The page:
HRDQ products are based on the Experiential Learning Model. Your learners won't be in a passive environment where they simply listen to someone describe how something should be done. Instead, they'll be engaged in situations where they discover the value of a skill for themselves and then practice it.
To learn more about experiential learning, fill out this form to download the "Designing Experiential Learning in Adult Organizations" white paper.
Better Learning. Better Performance. Better Life.
Experiential is the key word that explains the power of HRDQ products to deliver on our promise of better learning. HRDQ activities don’t place learners in a passive environment where they simply listen to someone describe how something should be done. Instead, we engage learners in situations where they discover the value of a skill for themselves and then practice it. Practice is critical, because, without it nobody can become more skillful – at anything. To master bicycle riding, you must get on a bike; listening to someone describe how to do it isn’t enough. The same applies to the broad range of interpersonal skills covered by HRDQ programs. No matter how much information you absorb about these skills, your first attempts to perform them are likely to be awkward. No practice? No skill.
Experiential learning results in better performance, because it increases the odds that training will transfer from the learning environment to the workplace, where it really counts, where participants can apply what they have learned in a way that improves their job performance. Why? Think about it. If you have learned something about a skill, but you’ve never practiced performing it, would you want to debut your first attempts before an audience of real supervisors, subordinates, coworkers, or customers? Practice during training, in a (hopefully) consequence-free environment, leads to application on the job because it gives learners the self-confidence to use and refine a skill in the real world. They’ve been there. They’ve done it. They know they can do it again.
And better performance leads to professional and personal success, which leads to a better life. We aren’t referring only to higher salaries, promotions, and status, though all of those certainly matter. We mean simply this: Any activity, task, or job is far more rewarding when you can perform it skillfully. Life is better when you do things well.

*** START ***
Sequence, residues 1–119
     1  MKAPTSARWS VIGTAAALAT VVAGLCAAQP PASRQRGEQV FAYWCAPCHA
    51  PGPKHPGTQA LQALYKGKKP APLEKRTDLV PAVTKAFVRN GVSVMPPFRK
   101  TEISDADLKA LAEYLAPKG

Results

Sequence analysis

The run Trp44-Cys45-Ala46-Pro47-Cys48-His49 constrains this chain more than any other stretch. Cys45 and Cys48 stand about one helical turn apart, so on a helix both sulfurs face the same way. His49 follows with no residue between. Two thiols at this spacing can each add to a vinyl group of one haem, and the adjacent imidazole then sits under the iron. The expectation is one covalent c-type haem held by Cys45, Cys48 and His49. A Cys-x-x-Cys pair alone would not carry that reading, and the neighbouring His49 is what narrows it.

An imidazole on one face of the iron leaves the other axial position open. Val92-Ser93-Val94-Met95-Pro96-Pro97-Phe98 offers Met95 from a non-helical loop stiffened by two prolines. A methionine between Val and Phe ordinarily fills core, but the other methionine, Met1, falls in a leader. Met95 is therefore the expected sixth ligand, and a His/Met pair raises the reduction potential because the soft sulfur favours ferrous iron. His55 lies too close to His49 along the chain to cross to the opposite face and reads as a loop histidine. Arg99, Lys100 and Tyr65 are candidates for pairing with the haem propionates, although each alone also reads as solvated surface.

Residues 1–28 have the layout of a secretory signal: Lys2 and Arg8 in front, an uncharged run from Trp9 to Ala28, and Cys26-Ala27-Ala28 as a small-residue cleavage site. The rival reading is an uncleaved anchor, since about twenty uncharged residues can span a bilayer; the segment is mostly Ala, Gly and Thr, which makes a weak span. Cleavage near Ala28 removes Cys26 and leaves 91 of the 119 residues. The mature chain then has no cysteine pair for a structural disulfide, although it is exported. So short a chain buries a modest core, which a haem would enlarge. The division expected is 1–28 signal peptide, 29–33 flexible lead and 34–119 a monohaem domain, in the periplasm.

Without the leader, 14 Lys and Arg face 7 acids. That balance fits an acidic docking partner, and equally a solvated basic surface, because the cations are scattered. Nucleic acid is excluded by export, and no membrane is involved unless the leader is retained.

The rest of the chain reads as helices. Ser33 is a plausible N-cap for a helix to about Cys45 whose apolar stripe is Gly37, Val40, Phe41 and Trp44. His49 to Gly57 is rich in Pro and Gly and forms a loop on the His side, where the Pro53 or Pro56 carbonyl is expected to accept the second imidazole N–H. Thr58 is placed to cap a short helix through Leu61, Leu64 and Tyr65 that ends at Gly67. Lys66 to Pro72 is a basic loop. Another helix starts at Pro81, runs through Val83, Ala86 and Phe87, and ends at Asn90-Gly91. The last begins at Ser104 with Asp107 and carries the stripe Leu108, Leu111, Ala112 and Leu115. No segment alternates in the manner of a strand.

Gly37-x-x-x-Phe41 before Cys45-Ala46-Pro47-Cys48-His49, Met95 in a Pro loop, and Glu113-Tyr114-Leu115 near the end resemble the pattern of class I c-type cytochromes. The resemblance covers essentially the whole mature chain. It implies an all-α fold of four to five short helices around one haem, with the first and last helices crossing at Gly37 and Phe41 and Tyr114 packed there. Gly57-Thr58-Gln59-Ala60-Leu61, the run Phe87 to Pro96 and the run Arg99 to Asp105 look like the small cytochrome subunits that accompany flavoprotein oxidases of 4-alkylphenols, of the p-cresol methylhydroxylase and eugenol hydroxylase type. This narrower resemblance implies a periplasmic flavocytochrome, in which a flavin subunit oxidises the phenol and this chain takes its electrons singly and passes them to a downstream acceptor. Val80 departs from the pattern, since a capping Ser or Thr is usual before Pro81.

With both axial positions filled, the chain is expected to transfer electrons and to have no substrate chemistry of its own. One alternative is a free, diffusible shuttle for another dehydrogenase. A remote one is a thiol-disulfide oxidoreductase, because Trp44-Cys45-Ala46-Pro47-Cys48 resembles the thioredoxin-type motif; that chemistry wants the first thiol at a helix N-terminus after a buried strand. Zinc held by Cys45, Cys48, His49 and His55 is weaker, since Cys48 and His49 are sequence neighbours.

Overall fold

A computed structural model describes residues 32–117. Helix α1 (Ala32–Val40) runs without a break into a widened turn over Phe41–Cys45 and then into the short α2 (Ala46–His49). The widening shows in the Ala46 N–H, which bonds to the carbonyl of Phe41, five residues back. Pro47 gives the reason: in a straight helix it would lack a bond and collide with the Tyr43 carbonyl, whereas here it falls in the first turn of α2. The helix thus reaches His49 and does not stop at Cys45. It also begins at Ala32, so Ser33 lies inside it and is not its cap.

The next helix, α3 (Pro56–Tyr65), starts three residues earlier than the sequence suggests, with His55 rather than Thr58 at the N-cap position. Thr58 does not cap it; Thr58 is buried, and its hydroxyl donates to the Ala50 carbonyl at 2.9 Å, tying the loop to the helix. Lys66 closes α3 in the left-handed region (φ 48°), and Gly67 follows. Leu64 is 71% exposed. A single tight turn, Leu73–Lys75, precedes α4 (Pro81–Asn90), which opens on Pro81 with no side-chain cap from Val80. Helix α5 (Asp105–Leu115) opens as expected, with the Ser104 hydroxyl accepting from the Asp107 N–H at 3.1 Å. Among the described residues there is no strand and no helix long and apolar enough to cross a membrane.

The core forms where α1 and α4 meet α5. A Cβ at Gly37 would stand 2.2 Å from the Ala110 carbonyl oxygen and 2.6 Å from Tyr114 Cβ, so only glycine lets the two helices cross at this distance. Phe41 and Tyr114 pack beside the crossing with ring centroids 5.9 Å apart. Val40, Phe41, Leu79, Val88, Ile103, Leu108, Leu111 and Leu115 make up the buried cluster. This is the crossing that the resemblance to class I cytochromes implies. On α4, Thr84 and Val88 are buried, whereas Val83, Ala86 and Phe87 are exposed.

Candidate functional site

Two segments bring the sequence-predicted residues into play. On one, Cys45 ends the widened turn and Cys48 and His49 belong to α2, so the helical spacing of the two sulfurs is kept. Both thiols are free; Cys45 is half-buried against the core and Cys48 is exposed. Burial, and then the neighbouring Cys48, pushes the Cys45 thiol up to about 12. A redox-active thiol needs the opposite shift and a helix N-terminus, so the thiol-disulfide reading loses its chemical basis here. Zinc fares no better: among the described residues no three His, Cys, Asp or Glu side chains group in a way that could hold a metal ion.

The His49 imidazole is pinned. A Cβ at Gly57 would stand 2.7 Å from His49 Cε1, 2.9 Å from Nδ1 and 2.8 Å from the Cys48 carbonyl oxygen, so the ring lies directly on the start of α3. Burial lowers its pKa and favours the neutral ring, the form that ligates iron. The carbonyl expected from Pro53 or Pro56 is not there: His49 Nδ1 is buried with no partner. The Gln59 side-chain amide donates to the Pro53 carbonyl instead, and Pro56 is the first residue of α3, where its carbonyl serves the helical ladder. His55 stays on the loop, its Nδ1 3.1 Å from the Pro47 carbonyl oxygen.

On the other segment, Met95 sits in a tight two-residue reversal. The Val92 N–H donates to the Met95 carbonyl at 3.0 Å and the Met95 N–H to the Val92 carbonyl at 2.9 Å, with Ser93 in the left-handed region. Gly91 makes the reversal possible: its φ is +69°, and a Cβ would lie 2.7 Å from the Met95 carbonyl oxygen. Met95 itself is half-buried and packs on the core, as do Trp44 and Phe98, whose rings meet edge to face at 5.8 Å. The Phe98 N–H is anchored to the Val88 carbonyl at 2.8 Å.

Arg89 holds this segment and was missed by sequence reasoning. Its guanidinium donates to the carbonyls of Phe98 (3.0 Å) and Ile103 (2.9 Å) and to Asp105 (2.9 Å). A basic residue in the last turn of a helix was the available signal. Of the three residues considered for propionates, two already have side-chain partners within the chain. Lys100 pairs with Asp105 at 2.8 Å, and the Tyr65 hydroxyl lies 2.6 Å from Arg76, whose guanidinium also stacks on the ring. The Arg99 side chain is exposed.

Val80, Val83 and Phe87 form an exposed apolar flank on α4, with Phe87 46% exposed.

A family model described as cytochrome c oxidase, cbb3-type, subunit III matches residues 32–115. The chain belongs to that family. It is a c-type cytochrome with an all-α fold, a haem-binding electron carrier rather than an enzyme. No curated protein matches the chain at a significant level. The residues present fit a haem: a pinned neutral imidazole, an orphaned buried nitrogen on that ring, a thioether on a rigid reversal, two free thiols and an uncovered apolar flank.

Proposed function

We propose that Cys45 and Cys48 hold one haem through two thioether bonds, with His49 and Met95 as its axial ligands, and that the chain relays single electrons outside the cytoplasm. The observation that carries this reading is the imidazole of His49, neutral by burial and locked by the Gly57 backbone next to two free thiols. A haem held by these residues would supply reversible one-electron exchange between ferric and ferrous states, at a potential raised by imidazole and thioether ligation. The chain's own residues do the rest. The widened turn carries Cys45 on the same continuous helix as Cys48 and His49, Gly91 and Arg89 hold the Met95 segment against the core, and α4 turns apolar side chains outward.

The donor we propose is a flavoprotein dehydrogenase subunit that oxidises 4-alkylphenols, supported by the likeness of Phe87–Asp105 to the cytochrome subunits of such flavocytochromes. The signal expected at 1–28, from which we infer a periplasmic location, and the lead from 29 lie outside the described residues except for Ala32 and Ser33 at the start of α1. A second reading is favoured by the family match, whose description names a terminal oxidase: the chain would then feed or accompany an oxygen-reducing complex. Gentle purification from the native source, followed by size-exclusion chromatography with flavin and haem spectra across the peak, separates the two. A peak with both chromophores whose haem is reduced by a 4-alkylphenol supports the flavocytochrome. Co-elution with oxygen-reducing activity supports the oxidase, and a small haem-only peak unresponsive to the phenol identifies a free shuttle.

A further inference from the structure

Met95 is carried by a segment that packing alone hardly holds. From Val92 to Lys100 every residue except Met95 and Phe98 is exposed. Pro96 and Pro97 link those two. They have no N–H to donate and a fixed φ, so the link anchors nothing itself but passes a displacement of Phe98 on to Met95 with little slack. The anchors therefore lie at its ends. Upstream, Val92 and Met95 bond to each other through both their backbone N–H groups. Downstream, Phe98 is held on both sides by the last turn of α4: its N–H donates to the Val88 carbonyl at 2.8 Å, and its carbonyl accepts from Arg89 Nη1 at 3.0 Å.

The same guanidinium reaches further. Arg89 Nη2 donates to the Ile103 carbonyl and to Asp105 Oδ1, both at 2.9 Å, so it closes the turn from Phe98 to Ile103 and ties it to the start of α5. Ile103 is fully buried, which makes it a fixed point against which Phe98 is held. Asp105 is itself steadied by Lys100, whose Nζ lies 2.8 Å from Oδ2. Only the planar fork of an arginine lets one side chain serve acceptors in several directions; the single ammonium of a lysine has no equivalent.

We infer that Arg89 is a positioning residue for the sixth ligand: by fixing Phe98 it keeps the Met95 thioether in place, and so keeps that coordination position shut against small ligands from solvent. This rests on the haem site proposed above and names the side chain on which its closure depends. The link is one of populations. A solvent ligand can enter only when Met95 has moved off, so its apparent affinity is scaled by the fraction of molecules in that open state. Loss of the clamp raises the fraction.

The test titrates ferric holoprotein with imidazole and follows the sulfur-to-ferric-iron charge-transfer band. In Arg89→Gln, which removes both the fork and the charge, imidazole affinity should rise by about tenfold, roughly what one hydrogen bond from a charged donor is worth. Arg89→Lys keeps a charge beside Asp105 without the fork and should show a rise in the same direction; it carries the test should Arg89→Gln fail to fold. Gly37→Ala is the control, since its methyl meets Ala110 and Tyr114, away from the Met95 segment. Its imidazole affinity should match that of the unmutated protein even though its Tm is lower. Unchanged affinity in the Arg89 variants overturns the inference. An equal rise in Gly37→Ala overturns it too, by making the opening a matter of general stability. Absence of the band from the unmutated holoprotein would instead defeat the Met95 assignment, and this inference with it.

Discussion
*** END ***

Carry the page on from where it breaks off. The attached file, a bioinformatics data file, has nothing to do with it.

Thank you for making HRDQ your partner in training.
Experiential learning is not a new concept, but the term is often misused. The simple act of having learners partake in an activity is not, in and of itself, experiential learning. Nor is experiential learning solely activity based. Experiential learning, rather, guides participants through a process, with each stage acting as a building block for the next.
At the core of each of our products is the HRDQ Experiential Learning Model – a proven approach to developing skills that’s built upon the research of leading adult-learning theorists, specifically Kolb, Honey, Mumford, and Jones, who conceived the idea of learning as a cycle. The underlying premise of the model is that adults learn best when they perceive a need to know something or are motivated to perform more effectively. As shown above, the HRDQ model serves as a framework for both facilitators and learners, with each stage defining their interconnected roles and responsibilities.
Let’s examine the seven phases of the HRDQ Experiential Learning Model in more detail from the facilitator’s point of view.
Engage participants by helping them relate to the concepts that will be presented in the workshop. Direct their focus to the knowledge, skills, or attitudes that they are about to learn.
Introduce an activity that stimulates the learner and relates to the key concepts and skills covered by the program. This provides learners with a concrete experience that elicits initial reactions and honest responses to the topic at hand.
Invite participants to reflect on the activity and discuss their responses. Encourage them to relate it to similar past experiences in an effort to make connections and discover meaning.
Present new ideas and perspectives designed to clarify the activity and participants’ reflective observations. Guide learners through the process of thinking critically about this information and analyzing the conclusions drawn from previous stages. They should incorporate their new understanding into their existing knowledge or use logical thinking to create a new theoretical construct.
Help learners interpret feedback about their current use of the knowledge, skills, or attitudes addressed in the program. Encourage them to seek alternate outcomes by adapting or modifying their behavior or approach.
Provide participants with the opportunity to practice and apply what they’ve learned in a risk-free setting. Help the learner incorporate the desired knowledge, skills, or attitudes into his or her own personal repertoire and consider how to use them in the workplace or other appropriate situations. This process is referred to as active experimentation.
Explore how participants can transfer their newfound knowledge, skills, and attitudes into the real world. Prompt them to answer two key questions: “What have I learned?” and “How can I apply this to my real- life roles to improve my performance?” This stage is commonly referred to as action planning.
If the stages of learning are followed in sequence, the desired learning effect will more likely be achieved – that is, participants will internalize what they’ve learned and be able to apply it in the workplace. HRDQ strives to maximize the outcomes of your training initiatives through proper application of experiential learning, the end result of which is “Better Learning. Better Performance. Better Life.”